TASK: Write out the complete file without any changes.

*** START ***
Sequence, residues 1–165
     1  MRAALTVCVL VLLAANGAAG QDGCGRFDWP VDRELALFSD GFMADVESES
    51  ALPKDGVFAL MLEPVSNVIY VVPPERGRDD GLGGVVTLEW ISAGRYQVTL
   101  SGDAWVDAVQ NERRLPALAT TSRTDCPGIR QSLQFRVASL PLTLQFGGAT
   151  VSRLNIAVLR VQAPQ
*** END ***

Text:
Sequence, residues 1–165
     1  MRAALTVCVL VLLAANGAAG QDGCGRFDWP VDRELALFSD GFMADVESES
    51  ALPKDGVFAL MLEPVSNVIY VVPPERGRDD GLGGVVTLEW ISAGRYQVTL
   101  SGDAWVDAVQ NERRLPALAT TSRTDCPGIR QSLQFRVASL PLTLQFGGAT
   151  VSRLNIAVLR VQAPQ